Similar to us developers, they also have these components built out in Figma. Figma makes it really easy to do all of this. The typography scale is in Figma, alongside the color palette, alongside all of our components. For example, our Button component uses a font size from our scale and a color from our color palette. These things compose together to build other components. When it comes time to design out a new feature for the app, we normally just drag and drop existing components onto a page for most features. Other features take a little more UX thinking and may be a little different; however, they’re all built using the components in our library.
Put the Design System to Work
Okay, now you have all of this stuff. Now put it to work. When it comes to designing or developing a new feature, use components out of your new toolbox. As time goes on, designers or developers may be tempted to create a new, shiny component that’ll create a different pattern. That may be okay — discuss it with your team! It may be a new pattern/component that gets used in one spot, and then begins being in other spots in the app as well. If that happens, you know what to do - think about making it part of the design system.
At other times, someone may just want to build something new and shiny, that has an existing pattern. The design system keeps both designers and developers honest and in-check. Since it’s used by both, a developer should be free to say “hey, can we use this component we already have instead?“. On the flip side, a designer can say the same thing to developers. As always, just discuss it with your team and go from there!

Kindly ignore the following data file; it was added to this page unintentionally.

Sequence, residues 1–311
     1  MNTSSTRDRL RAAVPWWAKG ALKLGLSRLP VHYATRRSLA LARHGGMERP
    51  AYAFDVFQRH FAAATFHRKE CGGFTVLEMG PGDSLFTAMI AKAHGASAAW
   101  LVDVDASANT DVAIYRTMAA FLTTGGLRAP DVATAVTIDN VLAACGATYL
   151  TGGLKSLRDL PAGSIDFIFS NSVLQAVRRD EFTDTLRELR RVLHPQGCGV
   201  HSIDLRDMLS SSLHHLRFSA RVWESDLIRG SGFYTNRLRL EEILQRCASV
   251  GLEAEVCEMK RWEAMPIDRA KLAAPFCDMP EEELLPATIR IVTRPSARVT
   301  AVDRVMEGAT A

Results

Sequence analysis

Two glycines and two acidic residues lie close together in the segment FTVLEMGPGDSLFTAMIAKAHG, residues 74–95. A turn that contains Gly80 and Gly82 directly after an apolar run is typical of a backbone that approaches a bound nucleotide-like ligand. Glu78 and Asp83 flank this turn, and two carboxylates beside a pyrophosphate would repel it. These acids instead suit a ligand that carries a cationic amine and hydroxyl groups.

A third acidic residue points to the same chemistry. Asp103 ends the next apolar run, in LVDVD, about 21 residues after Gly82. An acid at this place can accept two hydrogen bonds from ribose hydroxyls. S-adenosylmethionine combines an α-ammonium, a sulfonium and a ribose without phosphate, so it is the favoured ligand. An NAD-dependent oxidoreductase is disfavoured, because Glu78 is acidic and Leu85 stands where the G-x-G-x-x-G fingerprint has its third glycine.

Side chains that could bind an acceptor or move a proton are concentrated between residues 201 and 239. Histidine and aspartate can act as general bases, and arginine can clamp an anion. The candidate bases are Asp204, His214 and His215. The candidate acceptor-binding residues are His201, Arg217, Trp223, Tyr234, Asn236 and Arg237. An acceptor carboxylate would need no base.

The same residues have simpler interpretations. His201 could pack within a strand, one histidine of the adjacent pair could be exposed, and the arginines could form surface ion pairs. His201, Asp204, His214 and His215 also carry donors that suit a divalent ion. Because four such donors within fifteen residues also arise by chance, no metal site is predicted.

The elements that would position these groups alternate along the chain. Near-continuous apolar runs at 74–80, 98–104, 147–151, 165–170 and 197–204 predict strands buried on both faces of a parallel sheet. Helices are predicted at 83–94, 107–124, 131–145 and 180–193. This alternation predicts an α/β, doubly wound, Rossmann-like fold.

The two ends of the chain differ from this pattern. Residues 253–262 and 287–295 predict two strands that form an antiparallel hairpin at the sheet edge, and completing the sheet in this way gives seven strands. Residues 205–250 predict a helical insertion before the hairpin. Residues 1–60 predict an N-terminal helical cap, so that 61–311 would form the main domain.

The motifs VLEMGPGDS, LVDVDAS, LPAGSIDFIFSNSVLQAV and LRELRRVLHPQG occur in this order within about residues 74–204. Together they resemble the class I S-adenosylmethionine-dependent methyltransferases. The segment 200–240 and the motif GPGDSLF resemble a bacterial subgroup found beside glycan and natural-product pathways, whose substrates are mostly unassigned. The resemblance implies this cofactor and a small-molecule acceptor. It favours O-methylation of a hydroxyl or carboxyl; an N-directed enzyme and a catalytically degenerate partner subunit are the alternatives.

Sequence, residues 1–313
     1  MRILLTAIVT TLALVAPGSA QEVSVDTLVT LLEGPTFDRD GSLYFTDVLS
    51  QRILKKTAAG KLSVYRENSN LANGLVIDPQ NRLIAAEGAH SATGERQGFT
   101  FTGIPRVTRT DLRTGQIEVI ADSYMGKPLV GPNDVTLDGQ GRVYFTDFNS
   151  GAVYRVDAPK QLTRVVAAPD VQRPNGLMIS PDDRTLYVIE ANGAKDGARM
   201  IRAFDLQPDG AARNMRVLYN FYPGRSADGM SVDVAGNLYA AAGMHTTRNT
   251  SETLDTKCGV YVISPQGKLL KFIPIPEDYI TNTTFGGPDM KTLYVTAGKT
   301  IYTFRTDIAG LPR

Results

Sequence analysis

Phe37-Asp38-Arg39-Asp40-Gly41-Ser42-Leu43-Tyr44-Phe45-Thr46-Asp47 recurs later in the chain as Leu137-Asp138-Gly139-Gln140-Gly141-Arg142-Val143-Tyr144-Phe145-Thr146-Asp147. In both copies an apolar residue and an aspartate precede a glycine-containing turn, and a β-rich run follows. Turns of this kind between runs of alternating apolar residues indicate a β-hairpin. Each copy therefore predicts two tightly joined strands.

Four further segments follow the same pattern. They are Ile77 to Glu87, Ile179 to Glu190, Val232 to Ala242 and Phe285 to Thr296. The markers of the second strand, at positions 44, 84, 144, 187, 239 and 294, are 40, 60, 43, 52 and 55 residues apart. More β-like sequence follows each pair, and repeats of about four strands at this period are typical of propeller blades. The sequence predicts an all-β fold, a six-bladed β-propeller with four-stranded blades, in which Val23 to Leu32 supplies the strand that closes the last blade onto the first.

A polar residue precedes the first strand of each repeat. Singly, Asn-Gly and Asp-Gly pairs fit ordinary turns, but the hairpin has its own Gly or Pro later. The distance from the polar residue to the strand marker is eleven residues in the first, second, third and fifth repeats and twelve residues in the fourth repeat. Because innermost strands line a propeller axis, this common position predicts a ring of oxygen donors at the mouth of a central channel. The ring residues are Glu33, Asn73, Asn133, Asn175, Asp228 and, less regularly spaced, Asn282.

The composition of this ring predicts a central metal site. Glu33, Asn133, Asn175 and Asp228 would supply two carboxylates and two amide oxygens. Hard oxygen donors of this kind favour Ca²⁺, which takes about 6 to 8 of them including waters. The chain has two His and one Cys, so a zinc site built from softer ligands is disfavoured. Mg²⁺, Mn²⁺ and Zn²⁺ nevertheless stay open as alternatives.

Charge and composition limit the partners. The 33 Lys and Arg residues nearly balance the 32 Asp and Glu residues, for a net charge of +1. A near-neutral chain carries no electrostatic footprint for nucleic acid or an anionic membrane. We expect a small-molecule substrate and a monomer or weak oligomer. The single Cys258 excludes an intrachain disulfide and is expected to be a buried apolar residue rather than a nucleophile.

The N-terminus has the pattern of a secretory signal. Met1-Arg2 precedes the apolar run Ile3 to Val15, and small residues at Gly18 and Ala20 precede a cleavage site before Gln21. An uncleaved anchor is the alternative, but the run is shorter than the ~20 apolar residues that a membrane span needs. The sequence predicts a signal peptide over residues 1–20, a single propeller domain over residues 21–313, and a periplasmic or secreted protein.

Ultimately, in my opinion, the advantage of a design system is worth the time investment. From an external perspective, it helps your web application look great and be consistent from a UI/UX perspective. It’ll help establish your brand from a design perspective as well. Internally, a design system will help your developers move faster and more efficiently. It will help you and your team establish design-approved patterns, and eliminate one offs. It’ll help new folks joining your team be able to hop in and contribute very quickly to feature development. If a designer is busy and can’t create high-resolution designs right away, your design system should be a toolbox for a developer to build it out on their own. Overall, a design system is about consistency and efficiency.
Whew, that felt like a lot! I’ll let this all sink in for a bit and I’ll write more at a later date. My next post will be about themability and how we built Chroma to work for multiple different LifeOmic products. Until next time! Cheers!